This blog is for everyone who uses words.

The ordinary-sized words are for everyone, but the big ones are especially for children.

Thursday, 1 October 2015

Iactantia: a rant.

The English, said James Agate, instinctively admire any man who has no talent and is modest about it.

It's certainly true that on the whole the English traditionally don't like swankThis is perhaps why our finest private houses tend to be hidden at the end of mile-long drives, disguised as warehouses, or carefully designed so they appear to be made out of a baby giant's toy bricks.

But there are, nevertheless, people in England who swank: they might flaunt their gold, brandish some form of new technology, or display a personalised car number plate. 

The effect on the rest of us is generally a glow of warm, as well as very happy, contempt.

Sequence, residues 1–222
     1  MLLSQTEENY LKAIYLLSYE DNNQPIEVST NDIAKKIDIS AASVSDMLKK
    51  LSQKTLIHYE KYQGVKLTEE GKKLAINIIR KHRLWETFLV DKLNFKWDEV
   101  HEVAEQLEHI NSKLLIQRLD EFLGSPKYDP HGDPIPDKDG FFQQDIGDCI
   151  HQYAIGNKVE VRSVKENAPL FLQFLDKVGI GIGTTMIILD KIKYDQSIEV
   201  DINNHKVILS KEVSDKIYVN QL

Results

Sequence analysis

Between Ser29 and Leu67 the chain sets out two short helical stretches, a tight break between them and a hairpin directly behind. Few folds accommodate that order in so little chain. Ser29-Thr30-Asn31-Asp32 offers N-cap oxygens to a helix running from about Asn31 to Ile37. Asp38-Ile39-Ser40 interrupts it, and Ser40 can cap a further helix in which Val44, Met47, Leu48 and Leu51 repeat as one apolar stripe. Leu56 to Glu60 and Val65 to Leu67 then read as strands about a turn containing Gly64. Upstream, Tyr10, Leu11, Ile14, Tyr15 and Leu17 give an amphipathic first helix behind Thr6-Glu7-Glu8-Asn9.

Just sometimes, though, an example of swank appears that's so blatant, so ridiculous, that it comes surrounded by a sort of halo of joyful astonishment. 

I saw a car parked outside the ancient, famous, and expensive school Winchester College a couple of weeks ago. 

Its personalised number plate was in Latin.

URB1S: of the city.

Outrageous? Yes. Full of arrogance? Yes. Still making me smile?

Yes - and, you know something? 

I think it always will.

Word To Use Today: swank. This word might be from the Middle German swanken, to sway.

Now, a Middle German number plate. That would really be something...

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